• TONMOCON VII Announced | MBL at Woods Hole | Apr 6-8, 2018
  • Thanks for visiting! TONMO is the world's greatest online cephalopod enthusiast community, with interactive content going back to May of 2000, and a biennial conference. If you'd like to join in on the fun, become a TONMO member -- it's easy and free. You can follow us on Facebook and Twitter for more cephy goodness.


Best way to keep temp down?

Ryan Smith

Wonderpus
Registered
Joined
Feb 16, 2010
Messages
193
#1
Ok, heres my dilema. I thought I could keep my room temp down with the proper precautions. Keeping my windows and blinds closed, keeping the celling fan on. But it isnt working very well. Today it was 88 degrees and the lowest I could keep my room was 86. My AC wasnt on but, I cant get it to go below 84. A fan cant lower tank temp 6 degrees. When I asked if I could get a small window AC unit or something like that in my room I was told no. A chiller is out of the question, as the cheapest one Iv seen was $400 which is WAY out of my budget. I asked my parents if they had any solutions, they said wait 7 years till you are out of college and on your own. I really hope I dont have to take that advice... If there is anyway to keep my room cooler?
 

Nancy

Titanites
Staff member
Moderator
Joined
Nov 20, 2002
Messages
5,645
Location
Dallas Texas
#2
There are ways you can influence the tank temperature a few degrees, like using a fan as you mentioned. If you're registering 86 degrees, you'll need a chiller or a room airconditioner or both. The tank usually runs hotter than the room temperature.

Sorry, but that's just the way it is.

Nancy
 

Ryan Smith

Wonderpus
Registered
Joined
Feb 16, 2010
Messages
193
#3
Well, Ill do some more temp calcs. How quickly does 40 gallons of water change? I know water changes temp slower than air temp like air temp could be 60 then the next day 90, and the water will still be cold. but what about small amounts of water? What would happen if a 78 degree octo was in 80 degree water?
 

DWhatley

Cthulhu
Staff member
Moderator
Joined
Sep 4, 2006
Messages
19,804
Location
Gainesville, GA
#4
What would happen if a 78 degree octo was in 80 degree water?
Read through Legs thread and then through Dave's disaster with temp acclimation. A big point of the read is to see the variance in temps and the results of rapid temp changes. Look for water temp ranges of the animal you expect to keep. There is a limit to the time they can tollerate excessive heat or cold (CaptFish mentions reports from other fishermen during this years extreme cold and the huge die off of cephs and fish when the water stayed too cold for too long but I can't remember and did not mark the post).

Keep in mind that warmer water will be oxygen poor and needs a lot more forced air exchange than cold water.
 

DWhatley

Cthulhu
Staff member
Moderator
Joined
Sep 4, 2006
Messages
19,804
Location
Gainesville, GA
#6
Not anywhere near as much as a HomeDepot/Walmart/Lowes "personal" fan. The muffins just don't put out as much air (CFM - cubic feet per minute). I used this set up for a couple of years on two tanks. It does not hold up (replace the fans in both units over this time) and the cheaper ones I use now do a better job.
 

bluespotocto

Haliphron Atlanticus
Registered
Joined
Dec 4, 2008
Messages
505
#8
When my chiller went out on my bimac tank i just duct taped a little fan that sits on my desk to the sump. You could do that option or pay more money for the same kind of fan that just says for aquariums.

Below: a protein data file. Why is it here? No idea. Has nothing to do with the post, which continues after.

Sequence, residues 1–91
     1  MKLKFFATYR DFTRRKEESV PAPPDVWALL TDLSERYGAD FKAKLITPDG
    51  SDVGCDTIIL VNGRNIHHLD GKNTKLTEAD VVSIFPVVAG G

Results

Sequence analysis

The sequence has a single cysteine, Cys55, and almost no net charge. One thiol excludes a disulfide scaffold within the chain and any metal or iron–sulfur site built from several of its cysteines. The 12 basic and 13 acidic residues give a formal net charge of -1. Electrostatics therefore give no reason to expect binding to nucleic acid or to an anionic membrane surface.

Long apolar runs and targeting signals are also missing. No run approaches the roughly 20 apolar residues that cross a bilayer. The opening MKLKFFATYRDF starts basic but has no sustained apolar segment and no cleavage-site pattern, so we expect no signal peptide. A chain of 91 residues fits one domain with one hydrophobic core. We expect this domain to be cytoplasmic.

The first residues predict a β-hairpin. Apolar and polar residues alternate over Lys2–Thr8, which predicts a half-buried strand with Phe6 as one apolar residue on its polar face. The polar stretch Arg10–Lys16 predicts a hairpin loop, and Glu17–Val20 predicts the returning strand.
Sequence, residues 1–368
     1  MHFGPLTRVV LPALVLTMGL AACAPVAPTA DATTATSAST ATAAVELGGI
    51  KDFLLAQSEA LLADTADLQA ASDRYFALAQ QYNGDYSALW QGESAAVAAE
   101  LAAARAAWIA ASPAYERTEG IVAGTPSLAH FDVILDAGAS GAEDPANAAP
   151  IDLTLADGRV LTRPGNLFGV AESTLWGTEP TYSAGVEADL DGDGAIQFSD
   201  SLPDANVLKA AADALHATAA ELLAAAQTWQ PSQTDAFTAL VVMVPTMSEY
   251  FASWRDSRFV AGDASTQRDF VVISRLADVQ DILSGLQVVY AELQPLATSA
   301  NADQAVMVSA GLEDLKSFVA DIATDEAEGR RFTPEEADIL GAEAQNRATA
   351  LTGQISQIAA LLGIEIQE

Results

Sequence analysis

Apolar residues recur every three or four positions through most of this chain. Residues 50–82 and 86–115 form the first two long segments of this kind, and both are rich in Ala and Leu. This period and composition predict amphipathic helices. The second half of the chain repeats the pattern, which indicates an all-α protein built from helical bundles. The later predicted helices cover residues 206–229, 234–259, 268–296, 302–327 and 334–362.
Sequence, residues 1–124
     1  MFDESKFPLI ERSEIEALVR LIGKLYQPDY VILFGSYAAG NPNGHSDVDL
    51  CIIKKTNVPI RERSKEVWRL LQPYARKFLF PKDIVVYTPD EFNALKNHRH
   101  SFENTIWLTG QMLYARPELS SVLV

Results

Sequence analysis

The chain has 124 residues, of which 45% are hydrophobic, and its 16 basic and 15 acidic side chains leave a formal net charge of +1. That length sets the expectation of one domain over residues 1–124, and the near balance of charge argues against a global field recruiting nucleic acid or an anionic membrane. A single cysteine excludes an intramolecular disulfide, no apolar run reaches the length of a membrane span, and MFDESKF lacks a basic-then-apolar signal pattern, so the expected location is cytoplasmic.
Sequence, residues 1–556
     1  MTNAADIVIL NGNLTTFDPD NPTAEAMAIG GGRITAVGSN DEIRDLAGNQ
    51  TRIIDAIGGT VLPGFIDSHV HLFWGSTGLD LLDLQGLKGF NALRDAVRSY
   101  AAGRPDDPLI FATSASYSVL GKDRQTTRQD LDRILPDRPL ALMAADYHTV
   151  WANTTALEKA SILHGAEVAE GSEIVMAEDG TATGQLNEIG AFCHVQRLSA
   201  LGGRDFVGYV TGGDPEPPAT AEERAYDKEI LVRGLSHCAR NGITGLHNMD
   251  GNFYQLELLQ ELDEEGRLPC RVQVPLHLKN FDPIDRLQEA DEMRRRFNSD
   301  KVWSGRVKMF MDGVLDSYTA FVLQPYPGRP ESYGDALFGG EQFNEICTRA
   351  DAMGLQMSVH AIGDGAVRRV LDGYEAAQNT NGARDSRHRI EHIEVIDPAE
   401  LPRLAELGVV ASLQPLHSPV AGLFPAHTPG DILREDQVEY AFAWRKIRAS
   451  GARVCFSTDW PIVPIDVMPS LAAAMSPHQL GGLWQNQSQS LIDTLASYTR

Joe-Ceph

Haliphron Atlanticus
Supporter
Joined
Sep 25, 2006
Messages
555
#9
I think a "personal fan" is a little plug-in fan (about 5 or 6 inches diameter) that comes with a spring mounting clip. It is designed to clip onto the edge of a desk (or a tank!). What you want is to blow as much air as possible over the surface of the water to cause as much evaporation as possible. The more evaporation, the more cooling. Just be sure to mark the water level in the tank, and keep topping it off with fresh water (with no salt added) to replace what evaporates.

I know you room isn't, but is your house air conditioned? If so, your best bet would be to keep your windows closed and your door open, so that the warm air in your room can mix with the air conditioned air. If not, then keep your window open, so that you can move that humid air outside (humid because of all the evaporation you are causing) and get dryer air (from outside) into your room, to keep the evaporation going. Before I got AC I had one of those fans that fits in the window and has two fans in it, one can push air out, and the other can push air in. That would expell the humid air for you. If your house has AC, then set both fans to push air out, and leave your door open so that cool AC air will be drawn up to your room to replace what gets pushed out the window.

The only two ways to slow down heat fluctuations are to increase your thermal mass (more water volume) and to insulate your tank. I have a chiller, but I also have my tank sitting on a 2" thick sheet of Styrofoam. I've also cut styrofoam sheets to cover the back and one side (I covered them with black vinyl (cheap at the fabric store) so it looks good, all held on with black duct tape. It really slows down the heat from the room getting into the cooler tank water. You can add water volume by adding the largest sump that will fit, just be sure to insulate it on all sides. Rigid styrofoam is plenty strong to support the weight of an aquarium, which works out to less than one pound per square inch (no big deal).
 

CaptFish

Colossal Squid
Staff member
Moderator
Joined
Jul 9, 2009
Messages
2,833
Location
South Florida
#10
Being able to maintain a stable temp is very important. When temperature changes are made they need to be done very slowly so as not to shock the animal. If your room changes temp more than a few degrees a day then you will surely need a heater/chiller to stablize it.